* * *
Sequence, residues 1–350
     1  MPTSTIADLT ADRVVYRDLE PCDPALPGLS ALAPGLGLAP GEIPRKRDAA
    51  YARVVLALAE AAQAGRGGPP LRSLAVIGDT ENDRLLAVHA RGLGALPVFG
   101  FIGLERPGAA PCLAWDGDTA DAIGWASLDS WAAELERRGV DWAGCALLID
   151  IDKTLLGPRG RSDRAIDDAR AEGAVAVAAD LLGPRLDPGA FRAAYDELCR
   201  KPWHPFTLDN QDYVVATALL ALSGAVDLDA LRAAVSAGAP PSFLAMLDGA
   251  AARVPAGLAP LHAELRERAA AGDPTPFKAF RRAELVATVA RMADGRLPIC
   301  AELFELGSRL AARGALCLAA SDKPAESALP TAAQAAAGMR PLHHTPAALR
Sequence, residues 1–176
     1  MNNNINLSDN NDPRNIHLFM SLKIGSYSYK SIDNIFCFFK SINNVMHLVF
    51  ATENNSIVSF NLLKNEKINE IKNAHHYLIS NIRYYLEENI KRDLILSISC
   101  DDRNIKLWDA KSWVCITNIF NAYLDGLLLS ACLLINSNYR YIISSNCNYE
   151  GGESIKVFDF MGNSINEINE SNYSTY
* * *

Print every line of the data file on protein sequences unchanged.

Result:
Sequence, residues 1–350
     1  MPTSTIADLT ADRVVYRDLE PCDPALPGLS ALAPGLGLAP GEIPRKRDAA
    51  YARVVLALAE AAQAGRGGPP LRSLAVIGDT ENDRLLAVHA RGLGALPVFG
   101  FIGLERPGAA PCLAWDGDTA DAIGWASLDS WAAELERRGV DWAGCALLID
   151  IDKTLLGPRG RSDRAIDDAR AEGAVAVAAD LLGPRLDPGA FRAAYDELCR
   201  KPWHPFTLDN QDYVVATALL ALSGAVDLDA LRAAVSAGAP PSFLAMLDGA
   251  AARVPAGLAP LHAELRERAA AGDPTPFKAF RRAELVATVA RMADGRLPIC
   301  AELFELGSRL AARGALCLAA SDKPAESALP TAAQAAAGMR PLHHTPAALR
Sequence, residues 1–176
     1  MNNNINLSDN NDPRNIHLFM SLKIGSYSYK SIDNIFCFFK SINNVMHLVF
    51  ATENNSIVSF NLLKNEKINE IKNAHHYLIS NIRYYLEENI KRDLILSISC
   101  DDRNIKLWDA KSWVCITNIF NAYLDGLLLS ACLLINSNYR YIISSNCNYE
   151  GGESIKVFDF MGNSINEINE SNYSTY